میرایی پاسخوگیی محور هیپوتالاموس-هیپوفیز-آدرنال به تست استرس اجتماعی ترایر توسط آلپرازولام بنزودیازپین
|کد مقاله||سال انتشار||مقاله انگلیسی||ترجمه فارسی||تعداد کلمات|
|35939||2006||11 صفحه PDF||سفارش دهید||5983 کلمه|
Publisher : Elsevier - Science Direct (الزویر - ساینس دایرکت)
Journal : Psychoneuroendocrinology, Volume 31, Issue 10, November 2006, Pages 1278–1288
Little is known about effects of commonly used anxiolytic drugs on psychologically evoked responses of two major stress systems, the hypothalamic–pituitary–adrenal (HPA) and the sympathetic–adrenal–medullary (SAM) axis. The purpose of the present study was to assess effects of the anxiolytic alprazolam on responses of the HPA and the SAM axes to a standardized psychosocial stress protocol, the Trier Social Stress Test (TSST). Forty-six healthy, non-smoking, non-medicated males, aged between 18 and 45 years, were invited once to the laboratory and received a single oral dose of 1 mg alprazolam or placebo, respectively, 1 h prior to the TSST. The secretion of ACTH, cortisol, epinephrine, norepinephrine as well as changes in heart rate, blood pressure, and psychological states (anxiety, wakefulness, good mood, calmness) in response to the TSST were measured. Subjects pre-treated with alprazolam showed a strongly blunted response of ACTH as well as total and free cortisol to the TSST. Whereas alprazolam-treated subjects displayed significantly lower systolic blood pressure immediately before the TSST, neither the secretion of epinephrine, norepinephrine nor changes of heart rate in response to the stress test differed from placebo-treated subjects. Regarding psychological parameters, alprazolam clearly decreased subjective ratings on the questionnaire scale “wakefulness” and increased ratings on the scale “good mood”, whereas ratings on scales assessing “state anxiety” or “agitation” were not affected. In healthy subjects, we observed a dissociation of the effects of alprazolam on the endocrine and the autonomic response to psychosocial stress. The psychological responses seemed to be masked by sedative properties of alprazolam.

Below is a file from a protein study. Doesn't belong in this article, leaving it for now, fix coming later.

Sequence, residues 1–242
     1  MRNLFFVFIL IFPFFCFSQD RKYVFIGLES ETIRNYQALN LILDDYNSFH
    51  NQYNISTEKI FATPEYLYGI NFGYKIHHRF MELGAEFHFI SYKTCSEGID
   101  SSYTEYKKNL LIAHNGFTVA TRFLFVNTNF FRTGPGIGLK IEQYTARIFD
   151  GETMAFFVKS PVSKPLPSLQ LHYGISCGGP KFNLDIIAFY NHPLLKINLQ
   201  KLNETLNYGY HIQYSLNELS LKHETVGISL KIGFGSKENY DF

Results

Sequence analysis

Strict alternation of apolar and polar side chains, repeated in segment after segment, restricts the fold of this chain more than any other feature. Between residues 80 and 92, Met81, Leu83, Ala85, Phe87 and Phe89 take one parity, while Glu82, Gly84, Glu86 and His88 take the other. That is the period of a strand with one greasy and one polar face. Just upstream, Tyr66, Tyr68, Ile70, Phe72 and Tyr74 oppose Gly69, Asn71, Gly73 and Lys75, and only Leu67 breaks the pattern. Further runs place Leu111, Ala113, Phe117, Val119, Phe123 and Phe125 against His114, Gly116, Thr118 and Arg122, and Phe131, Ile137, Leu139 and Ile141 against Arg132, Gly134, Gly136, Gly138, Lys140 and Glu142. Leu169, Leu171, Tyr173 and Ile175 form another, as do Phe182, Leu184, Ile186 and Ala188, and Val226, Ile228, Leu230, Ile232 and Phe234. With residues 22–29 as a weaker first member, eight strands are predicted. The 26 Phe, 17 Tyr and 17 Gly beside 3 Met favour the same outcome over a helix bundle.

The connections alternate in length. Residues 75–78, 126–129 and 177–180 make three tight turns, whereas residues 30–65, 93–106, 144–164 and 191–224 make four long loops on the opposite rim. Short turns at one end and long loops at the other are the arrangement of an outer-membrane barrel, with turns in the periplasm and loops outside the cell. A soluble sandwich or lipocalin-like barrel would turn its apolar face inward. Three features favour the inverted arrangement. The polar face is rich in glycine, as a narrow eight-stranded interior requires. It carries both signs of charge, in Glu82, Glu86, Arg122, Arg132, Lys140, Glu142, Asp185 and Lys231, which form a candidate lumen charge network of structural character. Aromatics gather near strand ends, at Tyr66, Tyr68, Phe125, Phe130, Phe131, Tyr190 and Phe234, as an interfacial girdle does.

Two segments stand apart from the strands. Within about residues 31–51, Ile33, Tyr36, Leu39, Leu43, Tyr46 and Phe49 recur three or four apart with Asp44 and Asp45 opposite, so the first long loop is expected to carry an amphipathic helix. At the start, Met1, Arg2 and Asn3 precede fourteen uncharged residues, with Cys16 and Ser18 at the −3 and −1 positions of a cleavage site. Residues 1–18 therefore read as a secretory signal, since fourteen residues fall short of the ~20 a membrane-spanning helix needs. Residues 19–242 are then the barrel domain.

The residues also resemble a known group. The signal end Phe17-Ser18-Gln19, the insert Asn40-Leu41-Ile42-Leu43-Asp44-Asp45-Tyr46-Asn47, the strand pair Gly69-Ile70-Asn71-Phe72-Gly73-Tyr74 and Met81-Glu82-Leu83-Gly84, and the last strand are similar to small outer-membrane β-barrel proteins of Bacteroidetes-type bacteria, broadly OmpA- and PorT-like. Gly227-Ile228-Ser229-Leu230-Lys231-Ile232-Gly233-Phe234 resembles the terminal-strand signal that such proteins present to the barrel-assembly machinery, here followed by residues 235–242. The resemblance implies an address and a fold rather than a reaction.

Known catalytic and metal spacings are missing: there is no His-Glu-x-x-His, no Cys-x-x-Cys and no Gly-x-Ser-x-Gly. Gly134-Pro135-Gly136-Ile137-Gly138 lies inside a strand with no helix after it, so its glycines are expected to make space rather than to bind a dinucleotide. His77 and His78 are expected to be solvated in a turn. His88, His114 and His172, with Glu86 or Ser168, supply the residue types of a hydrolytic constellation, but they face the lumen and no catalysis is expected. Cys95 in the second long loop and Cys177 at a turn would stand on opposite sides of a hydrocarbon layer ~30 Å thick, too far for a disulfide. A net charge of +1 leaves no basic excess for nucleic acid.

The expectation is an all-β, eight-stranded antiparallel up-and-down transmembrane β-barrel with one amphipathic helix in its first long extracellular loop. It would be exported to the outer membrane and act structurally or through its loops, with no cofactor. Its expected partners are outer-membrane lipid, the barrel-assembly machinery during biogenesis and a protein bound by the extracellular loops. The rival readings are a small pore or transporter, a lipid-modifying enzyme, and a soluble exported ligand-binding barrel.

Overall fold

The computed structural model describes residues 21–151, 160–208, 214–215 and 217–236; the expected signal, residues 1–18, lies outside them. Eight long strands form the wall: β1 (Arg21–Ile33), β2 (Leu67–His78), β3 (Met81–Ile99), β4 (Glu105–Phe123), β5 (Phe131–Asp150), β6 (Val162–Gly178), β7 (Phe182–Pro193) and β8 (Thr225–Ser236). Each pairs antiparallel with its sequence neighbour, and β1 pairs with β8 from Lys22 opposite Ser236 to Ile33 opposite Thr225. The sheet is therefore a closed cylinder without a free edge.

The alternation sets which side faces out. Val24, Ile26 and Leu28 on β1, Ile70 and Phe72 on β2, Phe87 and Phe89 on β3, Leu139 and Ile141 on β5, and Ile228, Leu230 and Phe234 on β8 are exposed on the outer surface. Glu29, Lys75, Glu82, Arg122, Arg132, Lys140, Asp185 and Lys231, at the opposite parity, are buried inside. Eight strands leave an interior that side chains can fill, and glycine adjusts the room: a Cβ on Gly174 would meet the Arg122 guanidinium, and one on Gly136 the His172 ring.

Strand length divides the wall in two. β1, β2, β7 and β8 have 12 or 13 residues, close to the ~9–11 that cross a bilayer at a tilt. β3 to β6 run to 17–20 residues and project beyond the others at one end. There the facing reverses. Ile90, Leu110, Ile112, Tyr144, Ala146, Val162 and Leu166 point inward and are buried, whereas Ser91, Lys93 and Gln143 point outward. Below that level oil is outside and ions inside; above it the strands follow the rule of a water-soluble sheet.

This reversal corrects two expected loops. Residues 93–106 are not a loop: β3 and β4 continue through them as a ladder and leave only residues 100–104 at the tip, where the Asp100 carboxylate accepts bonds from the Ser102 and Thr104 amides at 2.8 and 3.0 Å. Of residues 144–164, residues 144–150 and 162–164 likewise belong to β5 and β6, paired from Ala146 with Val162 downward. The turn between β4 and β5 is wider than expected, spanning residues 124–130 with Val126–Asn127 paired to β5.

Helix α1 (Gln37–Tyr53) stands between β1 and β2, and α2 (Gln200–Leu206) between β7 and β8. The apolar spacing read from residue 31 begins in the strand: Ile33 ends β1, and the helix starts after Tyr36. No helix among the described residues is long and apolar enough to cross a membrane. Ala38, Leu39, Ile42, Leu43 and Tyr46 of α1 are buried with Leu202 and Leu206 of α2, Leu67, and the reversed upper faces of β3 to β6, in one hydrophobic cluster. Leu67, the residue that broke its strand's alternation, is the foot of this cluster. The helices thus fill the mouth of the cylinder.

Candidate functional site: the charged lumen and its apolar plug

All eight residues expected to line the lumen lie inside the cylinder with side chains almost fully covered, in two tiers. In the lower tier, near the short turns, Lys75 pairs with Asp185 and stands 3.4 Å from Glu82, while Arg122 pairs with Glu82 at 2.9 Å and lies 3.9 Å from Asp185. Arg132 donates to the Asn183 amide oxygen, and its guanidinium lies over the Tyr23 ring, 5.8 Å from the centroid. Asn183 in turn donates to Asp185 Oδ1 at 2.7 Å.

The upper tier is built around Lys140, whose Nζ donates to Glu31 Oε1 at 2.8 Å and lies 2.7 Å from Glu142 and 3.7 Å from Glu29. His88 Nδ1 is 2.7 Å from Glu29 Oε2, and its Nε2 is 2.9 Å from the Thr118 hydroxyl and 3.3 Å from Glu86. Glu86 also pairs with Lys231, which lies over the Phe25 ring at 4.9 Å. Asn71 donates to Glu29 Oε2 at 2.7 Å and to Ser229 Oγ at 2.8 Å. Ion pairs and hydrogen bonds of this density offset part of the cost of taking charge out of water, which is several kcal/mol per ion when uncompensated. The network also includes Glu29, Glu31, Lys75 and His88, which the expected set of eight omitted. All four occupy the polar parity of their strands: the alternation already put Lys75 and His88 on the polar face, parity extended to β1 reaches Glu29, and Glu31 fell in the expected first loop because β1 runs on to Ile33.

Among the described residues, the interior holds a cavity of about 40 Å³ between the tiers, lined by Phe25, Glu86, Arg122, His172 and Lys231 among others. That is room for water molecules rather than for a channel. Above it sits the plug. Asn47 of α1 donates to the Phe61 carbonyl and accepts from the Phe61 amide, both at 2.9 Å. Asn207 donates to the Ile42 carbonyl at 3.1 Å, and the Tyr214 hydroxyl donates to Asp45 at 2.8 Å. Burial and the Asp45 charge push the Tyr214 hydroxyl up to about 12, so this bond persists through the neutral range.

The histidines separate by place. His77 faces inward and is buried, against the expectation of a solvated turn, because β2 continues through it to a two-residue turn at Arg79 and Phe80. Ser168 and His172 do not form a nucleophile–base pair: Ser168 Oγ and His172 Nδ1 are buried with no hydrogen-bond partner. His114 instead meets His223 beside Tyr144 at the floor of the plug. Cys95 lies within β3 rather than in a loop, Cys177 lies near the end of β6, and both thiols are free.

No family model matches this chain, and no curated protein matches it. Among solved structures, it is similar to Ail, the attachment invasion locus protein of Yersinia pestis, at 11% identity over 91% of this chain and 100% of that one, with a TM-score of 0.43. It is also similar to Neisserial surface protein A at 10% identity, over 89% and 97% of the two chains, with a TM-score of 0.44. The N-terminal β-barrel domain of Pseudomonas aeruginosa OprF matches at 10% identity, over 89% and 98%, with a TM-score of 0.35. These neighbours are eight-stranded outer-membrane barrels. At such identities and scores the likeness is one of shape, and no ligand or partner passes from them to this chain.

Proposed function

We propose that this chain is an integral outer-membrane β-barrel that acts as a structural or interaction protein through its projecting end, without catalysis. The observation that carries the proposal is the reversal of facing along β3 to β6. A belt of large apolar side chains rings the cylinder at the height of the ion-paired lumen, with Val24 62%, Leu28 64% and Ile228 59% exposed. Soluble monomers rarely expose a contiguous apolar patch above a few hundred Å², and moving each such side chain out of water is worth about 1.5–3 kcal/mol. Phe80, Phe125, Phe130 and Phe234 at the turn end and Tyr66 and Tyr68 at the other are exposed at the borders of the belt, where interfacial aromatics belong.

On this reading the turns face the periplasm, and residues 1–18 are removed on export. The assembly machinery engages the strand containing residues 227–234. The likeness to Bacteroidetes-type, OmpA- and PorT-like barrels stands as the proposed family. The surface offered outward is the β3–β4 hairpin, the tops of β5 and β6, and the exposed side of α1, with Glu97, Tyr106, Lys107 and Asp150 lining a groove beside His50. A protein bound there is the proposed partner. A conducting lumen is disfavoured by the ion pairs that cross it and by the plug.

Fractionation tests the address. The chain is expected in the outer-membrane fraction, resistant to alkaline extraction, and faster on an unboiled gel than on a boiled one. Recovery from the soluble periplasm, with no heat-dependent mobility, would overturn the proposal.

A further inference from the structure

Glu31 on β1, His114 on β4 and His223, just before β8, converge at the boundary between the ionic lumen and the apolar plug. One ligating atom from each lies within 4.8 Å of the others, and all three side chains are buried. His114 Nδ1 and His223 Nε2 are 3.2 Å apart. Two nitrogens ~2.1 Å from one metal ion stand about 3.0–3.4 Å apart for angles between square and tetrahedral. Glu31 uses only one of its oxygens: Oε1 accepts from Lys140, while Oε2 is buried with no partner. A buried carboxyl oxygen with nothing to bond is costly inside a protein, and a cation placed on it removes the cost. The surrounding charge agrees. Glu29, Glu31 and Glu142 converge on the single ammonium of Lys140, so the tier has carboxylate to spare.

Anxiety is an aversive emotional state with the apprehensive anticipation of indefinite threat or danger (Öhman, 2000). It particularly arises when an individual is involved in a situation which is subjectively relevant and anticipated as threatening, ambiguous, uncontrollable, unpredictable and novel (Huppmann and Hellhammer, 1978). Aside the rise in anxiety, the organism responds with an activation of two major stress systems, the hypothalamic–pituitary–adrenal (HPA) and the sympathetic–adrenal–medullary (SAM) axis. In humans, only a few studies explored the effects of anxiolytic drugs on the endocrine, autonomic and psychological response to anxiogenic psychological challenges under laboratory conditions. Effects of the benzodiazepine alprazolam, for example, have been studied under naloxone challenge (Torpy et al., 1993), insulin-induced hypoglycemia (Breier et al., 1992), cholecystokinin-tetrapeptide stimulation (Zwanzger et al., 2003), and after challenge with corticotropin-releasing hormone (Rohrer et al., 1994). However, to our knowledge, only two studies investigated the acute effects of single oral intake of alprazolam under psychological stress: Benschop and colleagues (1996) tested healthy males during their first-time tandem parachute jump, while Rohrer et al. (1994) used a stressful speech in front of a video camera as a stressor. For the effects of alprazolam under psychological stress, inconsistent results were observed. Whereas alprazolam attenuated the secretion of cortisol and epinephrine in response to the parachute-jump, the secretion of norepinephrine or changes of heart rate were not affected by intake of the benzodiazepine (Benschop et al., 1996). In the free speech paradigm, administration of alprazolam attenuated the increase in blood pressure as well as the secretion of adrenocorticotropic hormone (ACTH) and cortisol, but not the increase in heart rate (Rohrer et al., 1994). The goal of the present study was to assess the effects of 1 mg alprazolam, a medium dose used in clinical practice (maximum 4 mg per day), on the endocrine, autonomic and psychological stress response in a valid and highly standardized laboratory protocol, the Trier Social Stress Test (TSST), which has been developed by our laboratory (Kirschbaum et al., 1993). This protocol is characterized by the situational characteristics of novelty, unpredictability, uncertainty, ego-involvement, and anticipatory anxiety. Beside a rise in perceived anxiety, the TSST induces an increase in ACTH, both total and free cortisol, epinephrine, norepinephrine, blood pressure and heart rate (e.g. Kirschbaum et al., 1993; Schommer et al., 2003). The TSST has been applied in numerous studies (Kudielka et al., 2007a and Kudielka et al., 2007b) and, in a recent metaanalysis, has been approved a very reliable laboratory stress protocol (see Dickerson and Kemeny, 2004). Since the TSST addresses some key elements of social anxiety disorders, we hypothesized that clinically effective anxiolytic drugs like alprazolam dampen the TSST-induced activation of the HPA axis and the SAM system as indicated by a less pronounced increase of ACTH, cortisol, epinephrine, norepinephrine, heart rate and blood pressure. We further assumed that the benzodiazepine dampens the psychological response to the TSST.